THE NEW MONASTICISM: AN INTERSPIRITUAL MANIFESTO FOR CONTEMPLATIVE LIVING
By Rory McEntee and Adam Bucko
Published by Orbis Books
Much copy and debate has been generated by the Pew Foundation's recent snapshot of American religion. A lot of the conversation has sounded like the daily roundup of a religious stock market: who is up in terms of adherents, who is down, who held steady. But the biggest story was the exceptional rise of religious "nones" -- the nonaffiliated that predominate younger demographics.
While telling, these sorts of macro analyses do a poor job at identifying new religious trends. Aside from the broad "nones" designation, America's diverse religious landscape has long engendered new energies of renewal that transcend denominational demarcations and defy easy categorization.
One such burgeoning movement is the new monasticism and its contemplative praxis, meant to inspire personal and social transformation in the modern world. Movement leaders Rory McEntee and Adam Bucko have produced an important initial theological and philosophical framework for this coalescing spiritual impulse in The New Monasticism: An Interspiritual Manifesto for Contemplative Living.
As the authors explain, the new monasticism is monastic in that its central concern is a total commitment "to the development and maturation of one's spiritual life." But whereas traditional monks lived apart from the world behind closed doors and thick walls, new monastics are called to live out their spiritual journey and find unity with the Holy Spirit in a way that is radically incarnated in day-to-day life.
Furthermore, the new monastic's introspection unleashes a lifetime of compassionate and prophetic action, a sustained "sacred activism" that reorients the older monastic archetype toward the needs of today's complex world.
Where some may see the emergence of nones as a narrative of religious decline, Bucko and McEntee see a process of renewal. They are bold to ask, "It is it possible that the impulse driving people beyond the walls of established traditions is itself being orchestrated by the Holy Spirit?"
With the inspired writing of spiritual reformers, they contend that their work is in many ways making explicit trends they already see, particularly among younger generations who seek a spiritual pathway that is immanently and inextricably rooted in bettering the world.
Their optimism draws heavily on the writings of Jesuit theologian Pierre Teilhard de Chardin, on his evolutionary understanding of humanity and religion that sees transformation as part of a progressive, teleological process. "It is for us to remain forward-looking, trusting the evolutionary thrust of Spirit," Bucko and McEntee write.
The book itself is divided into four parts, or "movements," and is an effort to expand upon and clarify the new monastic framework that the authors first made explicit in a manifesto written in the summer of 2012. The original manifesto, which emerged out of a dialogue run by Trappist Fr. Thomas Keating at St. Benedict's Monastery in Snowmass, Colo., is reprinted in the book as Movement 1.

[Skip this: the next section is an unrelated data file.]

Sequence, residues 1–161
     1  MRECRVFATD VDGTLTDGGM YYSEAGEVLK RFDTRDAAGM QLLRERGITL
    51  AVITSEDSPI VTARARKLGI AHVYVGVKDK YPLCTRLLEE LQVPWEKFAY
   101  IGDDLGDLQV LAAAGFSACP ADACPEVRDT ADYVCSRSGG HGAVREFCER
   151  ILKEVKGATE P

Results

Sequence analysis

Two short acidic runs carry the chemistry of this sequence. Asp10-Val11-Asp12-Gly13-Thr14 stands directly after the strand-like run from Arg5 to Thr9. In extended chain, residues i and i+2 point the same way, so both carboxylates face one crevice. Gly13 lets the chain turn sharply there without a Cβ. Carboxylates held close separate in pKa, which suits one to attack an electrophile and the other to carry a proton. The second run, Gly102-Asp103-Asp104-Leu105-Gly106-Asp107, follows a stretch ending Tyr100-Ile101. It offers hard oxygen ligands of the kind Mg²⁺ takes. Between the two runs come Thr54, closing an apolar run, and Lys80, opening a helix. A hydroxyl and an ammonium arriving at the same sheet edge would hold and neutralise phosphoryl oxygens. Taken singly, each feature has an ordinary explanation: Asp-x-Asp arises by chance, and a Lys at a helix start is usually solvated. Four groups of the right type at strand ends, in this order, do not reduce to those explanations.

Movement 2 is the theological heart of the book, in which the authors draw out and unpack the central concepts of the manifesto. They delve into the new monasticism's focus on interspirituality -- its borrowing from several faith traditions despite its heavily Catholic influence, as well as central concepts like the importance of dialogue, the need for spiritual mentorship, the value of new monastic communities, and meditations on vocation.
Movement 3 is an extended reprinted dialogue between Bucko and McEntee meant to model the movement's emphasis on dialogue, and Movement 4 is a short overview of the new monastic spiritual path.
The result is a sophisticated and sweeping theological achievement. Among its many influences, the authors draw upon Keating, Ken Wilber, Ewert Cousins, Raimon Panikkar, Wayne Teasdale, St. Teresa of Avila and St. John of the Cross, while incorporating modern psychology, Orthodox sophiology, Eastern and Western monastic traditions, and Sufi mysticism.
As unorthodox as the vision and its presentation may sound, these seemingly disparate strands come together into a unified woven vision. In less inspired hands, this work could have been a spiritual hodgepodge of shallow New Age eclecticism. But the authors make clear that the new monasticism is not a spiritual buffet that one may peruse at will. It is an intensive practice that requires serious commitment and discernment.
The individual is transformed by the process, awakened to a life of "divine expressions of compassion, love, and wisdom."
The New Monasticism is best absorbed slowly, so as to not miss its powerful insights. This original spiritual praxis is particularly recommended for all those -- nones included -- seeking a rich resource that will challenge and inspire them to reach new levels of introspection, prophetic witness and compassionate activism.
[Chris Staysniak is a doctoral candidate in American religious history at Boston College.]